David Brodwin is a cofounder and board member of American Sustainable Business Council.
The U.S. Senate will soon consider a trio of bills passed by the House that aim to gut the federal rule-making process. These bills (the Regulatory Accountability Act, Regulations from the Executive in Need of Scrutiny, and Regulatory Flexibility Improvements Act of 2011) aim to sharply curtail federal rule-making capacity, under the rationale that regulations prevent businesses from growing and creating jobs.
The reality is far more complex. Some regulations are poorly designed or implemented. Many, though, promote business and job growth by accelerating the pace of innovation and productivity, and hastening the shift from old, outmoded technologies and business practices to newer, better alternatives. Such regulations need to be supported and even extended. As has been argued by leading business experts for years, thoughtful regulation can reduce waste, boost output, and even create jobs. Here are three ways how:
1. Escaping the Dead Hand of Companies Past
Since the first steam engines hauled coal out of England's mines, a ceaseless cycle of new technologies and ideas have captured the public imagination, spurred the economy, and added to the public good.
New technologies provided the starting point for many great companies—but all too often these companies failed to change or get out of the way when their time passed. This too is centuries old: railroads attempted to limit the rise of the automobile. AT&T tried to disconnect discount long distance carriers like Sprint and MCI, and IBM sought to pull the plug on upstarts that offered cheaper and better printers and disk drives.
Powerful companies that lead industries, or "incumbents" as they are known, protect themselves with a wide range of strategies based on their market power and their ability to influence legislation. They seek to extend their profitability and market dominance long after the sun has begun to set on the innovations they pioneered. They win federal favors like agricultural subsidies or special tax treatment for oil fields. They win protections against competition by fanning fears of technology-driven disaster or rampant piracy.
These strategies stunt innovation. They damage the ability of small companies with great ideas to secure funding and bring concepts to market. For example, the technology for a wireless phone with third party applications could have been brought to market long before Apple's iPhone; however the nation's largest wireless networks did not want to open their networks to new devices and systems.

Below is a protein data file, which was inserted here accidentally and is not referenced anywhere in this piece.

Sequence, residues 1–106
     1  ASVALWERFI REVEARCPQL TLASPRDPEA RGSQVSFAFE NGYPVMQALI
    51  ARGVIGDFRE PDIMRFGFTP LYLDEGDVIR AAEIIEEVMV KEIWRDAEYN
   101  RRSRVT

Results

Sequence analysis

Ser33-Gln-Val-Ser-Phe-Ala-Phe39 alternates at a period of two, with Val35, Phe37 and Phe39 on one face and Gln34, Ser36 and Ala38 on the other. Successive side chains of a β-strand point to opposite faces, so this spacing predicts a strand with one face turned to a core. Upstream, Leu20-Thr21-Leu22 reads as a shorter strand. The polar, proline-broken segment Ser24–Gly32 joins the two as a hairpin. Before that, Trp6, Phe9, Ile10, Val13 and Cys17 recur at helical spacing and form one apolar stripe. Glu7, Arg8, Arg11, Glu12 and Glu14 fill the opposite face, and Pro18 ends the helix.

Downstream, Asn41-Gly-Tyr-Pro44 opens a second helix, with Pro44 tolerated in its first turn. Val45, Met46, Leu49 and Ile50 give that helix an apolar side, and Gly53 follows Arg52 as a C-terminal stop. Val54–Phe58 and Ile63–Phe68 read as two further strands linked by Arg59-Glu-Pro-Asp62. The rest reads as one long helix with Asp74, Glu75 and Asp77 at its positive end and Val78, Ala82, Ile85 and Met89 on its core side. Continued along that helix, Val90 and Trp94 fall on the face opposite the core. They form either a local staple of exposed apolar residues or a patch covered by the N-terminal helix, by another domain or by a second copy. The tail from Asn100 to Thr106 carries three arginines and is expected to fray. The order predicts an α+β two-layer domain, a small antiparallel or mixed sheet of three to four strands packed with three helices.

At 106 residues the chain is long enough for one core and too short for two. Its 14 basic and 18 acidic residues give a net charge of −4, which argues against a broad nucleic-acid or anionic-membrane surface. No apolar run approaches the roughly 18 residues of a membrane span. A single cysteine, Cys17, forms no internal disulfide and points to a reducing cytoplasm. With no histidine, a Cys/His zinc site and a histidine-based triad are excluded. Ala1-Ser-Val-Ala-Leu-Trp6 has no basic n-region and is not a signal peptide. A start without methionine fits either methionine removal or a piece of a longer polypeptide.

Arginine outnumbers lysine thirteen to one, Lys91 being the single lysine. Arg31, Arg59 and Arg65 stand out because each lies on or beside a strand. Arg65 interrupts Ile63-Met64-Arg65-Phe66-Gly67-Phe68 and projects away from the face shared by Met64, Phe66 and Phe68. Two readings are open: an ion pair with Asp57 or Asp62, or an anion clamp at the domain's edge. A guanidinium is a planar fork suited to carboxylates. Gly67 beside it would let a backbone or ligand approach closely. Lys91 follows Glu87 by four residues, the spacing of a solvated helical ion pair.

2. Paving the Way for the Future
Regulation plays a crucial role in clearing the dead underbrush of last years' technology and allowing new start-ups to flourish. We need regulations that restrain dominant companies from exerting undue influence, and at the same time we need to eliminate regulations that prop up and sustain outdated companies and technologies.
For instance, we must preserve net neutrality. Net neutrality is hated by the largest cable and phone companies because it prevents them from hindering challengers like Facebook, Twitter, and YouTube. But these newer companies offer services that consumers love and advertisers want to pay for. Have you ever found yourself forced to use a search engine or E-mail provider or navigation system that came bundled with your phone but is not your first choice? This will be the "new normal" across the Internet if we lose net neutrality.
Similarly, our economic future depends upon affordable renewable energy sources—but some utilities make it hard for new energy producers to plug into the grid. It's not as convenient for utilities to buy power from sources that fluctuate over the course of the day, and the utilities deserve a fair return for the extra work involved, but utilities should not be empowered to stop or slow the development of such a critical technology.
At the same time, we need to dismantle rules and regulations that may no longer make sense. Why should the government reward big agricultural corporations not to plant when the family farm is all but obsolete and food prices rise faster than inflation? Why should Medicare be forbidden from negotiating the prices of drugs, when soaring healthcare costs are bleeding the federal budget and jeopardizing the retirement security of all Americans?
Some regulations need to be fine-tuned to meet the needs of the times and strike the right balance between growth and protection. For example, the regulations that govern how companies can raise money were designed to strike a balance between promoting growth and preventing fraud. But in today's highly connected era where reputations are more transparent, we can update regulations to allow for micro-lending and crowd-funding. These new approaches can help new companies grow while continuing to protect the public from crooks and schemers.
3. Keeping Our Options Open
The world is rarely simple, and we should be suspicious of those who claim it is. Yes, some regulations don't do what we need them to, and these need to be fixed. But many regulations serve to free us from the past and open up our society to profound and life-changing transformations. We need to preserve the ability of government to enact sensible safeguards that promote and foster innovation.